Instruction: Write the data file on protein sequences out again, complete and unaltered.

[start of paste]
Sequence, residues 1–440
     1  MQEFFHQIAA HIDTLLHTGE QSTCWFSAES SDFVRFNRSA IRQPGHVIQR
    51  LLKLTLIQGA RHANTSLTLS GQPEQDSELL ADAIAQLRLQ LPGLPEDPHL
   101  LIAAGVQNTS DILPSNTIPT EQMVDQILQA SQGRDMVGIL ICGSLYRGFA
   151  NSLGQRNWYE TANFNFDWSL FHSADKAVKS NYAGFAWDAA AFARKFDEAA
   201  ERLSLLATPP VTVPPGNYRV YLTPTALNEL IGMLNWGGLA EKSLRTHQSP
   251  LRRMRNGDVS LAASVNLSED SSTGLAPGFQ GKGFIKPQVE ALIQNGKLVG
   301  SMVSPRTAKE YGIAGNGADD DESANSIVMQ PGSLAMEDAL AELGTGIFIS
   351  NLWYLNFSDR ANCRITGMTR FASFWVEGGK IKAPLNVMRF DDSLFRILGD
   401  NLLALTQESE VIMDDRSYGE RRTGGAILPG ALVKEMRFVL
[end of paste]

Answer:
Sequence, residues 1–440
     1  MQEFFHQIAA HIDTLLHTGE QSTCWFSAES SDFVRFNRSA IRQPGHVIQR
    51  LLKLTLIQGA RHANTSLTLS GQPEQDSELL ADAIAQLRLQ LPGLPEDPHL
   101  LIAAGVQNTS DILPSNTIPT EQMVDQILQA SQGRDMVGIL ICGSLYRGFA
   151  NSLGQRNWYE TANFNFDWSL FHSADKAVKS NYAGFAWDAA AFARKFDEAA
   201  ERLSLLATPP VTVPPGNYRV YLTPTALNEL IGMLNWGGLA EKSLRTHQSP
   251  LRRMRNGDVS LAASVNLSED SSTGLAPGFQ GKGFIKPQVE ALIQNGKLVG
   301  SMVSPRTAKE YGIAGNGADD DESANSIVMQ PGSLAMEDAL AELGTGIFIS
   351  NLWYLNFSDR ANCRITGMTR FASFWVEGGK IKAPLNVMRF DDSLFRILGD
   401  NLLALTQESE VIMDDRSYGE RRTGGAILPG ALVKEMRFVL